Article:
• Matrioshka Hypernode: while a Matrioshka brain runs off a star’s natural light output, in a Matrioshka hypernode the star is dismantled, and the energy comes from burning hydrogen in fusion or conversion reactors in a controlled manner.
  • Nicoll-Dyson Beams: phased-array lasers powered by the total power output of a Dyson sphere, capable of destroying objects tens of light years away.


  • Artificially Optimised Galaxies: distant galaxies that alien species have optimized for long-term habitation, using the stars’ own power to starlift hydrogen into gas giants and brown dwarfs, so it can be burned efficiently (in fusion or conversion reactors) and last far longer than stellar fusion.
  • Lazurogenics: recreation of extinct species from the genetic, fossil, or historical record.

  • The Tranquility Calendar: the calendar system used in Orion’s Arm counts time from the moon landing, from the moment of the transmission: “Houston, Tranquility Base here. The Eagle has landed”. Dates are given in AT and BT.

  • Cliotelescopy: the use of high-resolution telescopy to study the past.


  • Duxed: a moon of a gas giant with an extreme tidal range, with tides reaching two kilometers up.
  • Wadai: a small ringworld around the white dwarf Eggen-Greenstein 471, built entirely without exotic matter and held together by dynamic compression members.
  • Black Acropolis: an abandoned Dyson swarm built by an extinct alien civilization.
  • Oceanus Ultimata: ringworld + waterworld. A dense ring of immense water droplets floating around a star, protected from vacuum by membranes of nanotechnology. They bump and merge and come apart and are filled with alien life.
  • Earth: largely depopulated and under the control of the local deity, bent on restoring and preserving the ecosystem as it was before the Holocene.


  • The Tragedy of the G995: a starwisp carrying uploaded humans is blown off course. The ship coasts for centuries, unseen, and the crew are unable to change the VR environment’s clock rate or put their minds in hibernation.

Alien Civilizations

Much of this was merged from another world-building project from the early 2000’s, the website of the Hamilton Institute of Exopalentology, which was translated into Orion’s Arm with the name intact.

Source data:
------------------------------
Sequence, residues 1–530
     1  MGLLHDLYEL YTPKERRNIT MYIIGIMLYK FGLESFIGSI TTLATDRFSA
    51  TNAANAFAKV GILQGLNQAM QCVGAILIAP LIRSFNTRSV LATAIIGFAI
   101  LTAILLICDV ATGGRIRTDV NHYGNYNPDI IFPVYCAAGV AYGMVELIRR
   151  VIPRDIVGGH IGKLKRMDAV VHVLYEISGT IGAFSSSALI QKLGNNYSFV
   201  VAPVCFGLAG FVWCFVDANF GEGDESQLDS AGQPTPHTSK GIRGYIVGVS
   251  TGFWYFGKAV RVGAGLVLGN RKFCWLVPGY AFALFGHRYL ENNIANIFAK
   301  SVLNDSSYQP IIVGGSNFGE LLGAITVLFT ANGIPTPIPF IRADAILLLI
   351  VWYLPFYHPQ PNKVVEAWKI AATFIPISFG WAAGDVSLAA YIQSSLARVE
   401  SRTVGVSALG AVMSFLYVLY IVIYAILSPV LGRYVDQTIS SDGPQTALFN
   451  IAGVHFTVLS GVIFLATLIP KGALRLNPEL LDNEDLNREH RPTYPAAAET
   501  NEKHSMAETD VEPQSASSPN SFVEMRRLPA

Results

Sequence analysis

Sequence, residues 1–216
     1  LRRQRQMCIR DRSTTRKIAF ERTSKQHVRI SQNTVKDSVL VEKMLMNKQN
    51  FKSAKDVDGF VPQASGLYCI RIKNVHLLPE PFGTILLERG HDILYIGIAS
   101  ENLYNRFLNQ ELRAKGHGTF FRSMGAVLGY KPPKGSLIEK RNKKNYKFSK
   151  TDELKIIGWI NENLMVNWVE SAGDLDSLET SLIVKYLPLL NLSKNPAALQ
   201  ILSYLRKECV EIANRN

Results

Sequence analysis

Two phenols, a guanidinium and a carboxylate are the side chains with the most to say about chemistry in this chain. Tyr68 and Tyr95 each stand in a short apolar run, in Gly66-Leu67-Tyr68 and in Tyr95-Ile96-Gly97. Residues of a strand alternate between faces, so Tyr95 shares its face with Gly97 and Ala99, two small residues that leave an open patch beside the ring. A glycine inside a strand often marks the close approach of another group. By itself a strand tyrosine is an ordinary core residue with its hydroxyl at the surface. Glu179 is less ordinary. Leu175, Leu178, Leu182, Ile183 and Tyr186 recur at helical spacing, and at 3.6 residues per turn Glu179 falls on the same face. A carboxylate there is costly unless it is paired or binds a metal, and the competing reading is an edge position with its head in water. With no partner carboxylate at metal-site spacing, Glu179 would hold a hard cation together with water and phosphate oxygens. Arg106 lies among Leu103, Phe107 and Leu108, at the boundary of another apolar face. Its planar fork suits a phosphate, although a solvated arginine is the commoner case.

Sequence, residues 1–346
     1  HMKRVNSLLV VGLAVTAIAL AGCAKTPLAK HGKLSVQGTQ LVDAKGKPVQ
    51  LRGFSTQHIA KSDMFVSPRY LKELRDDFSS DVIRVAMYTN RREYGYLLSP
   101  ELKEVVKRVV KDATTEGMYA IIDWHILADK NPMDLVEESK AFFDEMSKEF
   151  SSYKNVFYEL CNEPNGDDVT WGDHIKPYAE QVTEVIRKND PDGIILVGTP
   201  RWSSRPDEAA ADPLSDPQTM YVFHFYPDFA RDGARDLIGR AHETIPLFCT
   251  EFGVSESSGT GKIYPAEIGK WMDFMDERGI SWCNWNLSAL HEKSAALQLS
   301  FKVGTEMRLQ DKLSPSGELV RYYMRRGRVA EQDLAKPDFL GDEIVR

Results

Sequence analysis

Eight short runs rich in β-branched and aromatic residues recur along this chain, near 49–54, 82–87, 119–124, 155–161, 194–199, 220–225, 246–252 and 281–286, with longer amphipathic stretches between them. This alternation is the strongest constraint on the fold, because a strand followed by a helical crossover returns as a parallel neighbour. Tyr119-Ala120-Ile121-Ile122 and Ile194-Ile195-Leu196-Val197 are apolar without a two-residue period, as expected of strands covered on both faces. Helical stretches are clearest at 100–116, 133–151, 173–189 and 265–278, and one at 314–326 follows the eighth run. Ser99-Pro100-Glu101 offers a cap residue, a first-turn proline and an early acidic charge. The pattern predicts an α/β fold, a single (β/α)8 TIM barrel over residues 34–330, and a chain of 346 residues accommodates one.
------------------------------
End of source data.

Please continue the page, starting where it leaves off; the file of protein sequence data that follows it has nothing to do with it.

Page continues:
The alien civilizations and artifacts are some of my favorite content from Orion’s Arm, despite being the most speculative. This is the part of the worldbuilding with the highest concentration of Lovecraftian horror.

  • Asoka’s Pillar: a cylindrical Dyson shell around a lone star floating high above the galaxy, broadcasting a signal saying it is the center of a vast galaxy-spanning empire. If such an empire existed, it no longer does. Perhaps it never did. Who broadcasts the message? An automated system? A mad superintelligence?
  • The Empire of Screaming Skulls: this has to be my favorite. An alien species in a galaxy 200 million light years away, known only from remote observations. Their space habitats are shaped like the head of an insect, with four empty eye sockets and mandible-like appendages. They are observed in pairs, orbiting their common barycenter and facing each other.
  • SMBH Civilisation: an alien civilization, living around the black hole at the center of a galaxy 200 million light years away. Around the black hole are over a million artificial planets, orbiting one after the other in hundreds of distinct orbits, like a Bohr atom, and each moves at 5% of the speed of light.
  • Daidarabotchi Megadyson: fourteen billion light years away, a Dyson shell almost 300 light years in diameter, moving at half the speed of light, a centikelvin above the temperature of the cosmic microwave background. Occasionally a star punches a hole through it, and the shell rebuilds itself in place.
  • Leo Hyperobject 1: an artificial object in a galaxy 300 million light years away, twice the mass of the Milky Way, 1.2 light years in diameter.
  • The Deep Traveler: a Dyson shell, millions of light years away, moving at half the speed of light through intergalactic space.
  • Dead Drifter: a dead alien in a space suit, dated to 190 megayears before present, the holotype of an extinct alien species known only from this single space burial.
  • Makers: an extinct alien species, the first to be discovered by humans, in the form of a derelict probe floating near Epsilon Sculptoris.
  • HIE-236-PPE: an extinct alien species known only from their efforts to terraform various planets into Titan-like ecologies. Nothing else is known about them.
  • Batholith Civilization: an extinct alien civilization whose planet was irradiated by a gamma ray burst. They took refuge in tunnels in a granite batholith, and gradually died out.
  • The Trader: a fleet of six alien spacecraft traveling in close formation, using a Lorentz force tether to travel in a circular trajectory around the galaxy.
  • The Iahi Daon Empire: an extinct alien civilization, known from the derelict generation ships they sent out before collapsing.
  • Ultima Gate: an alien wormhole, guarded by a heavily armed alien fleet, whose destination is unknown.


  1. I read this on Tumblr somewhere.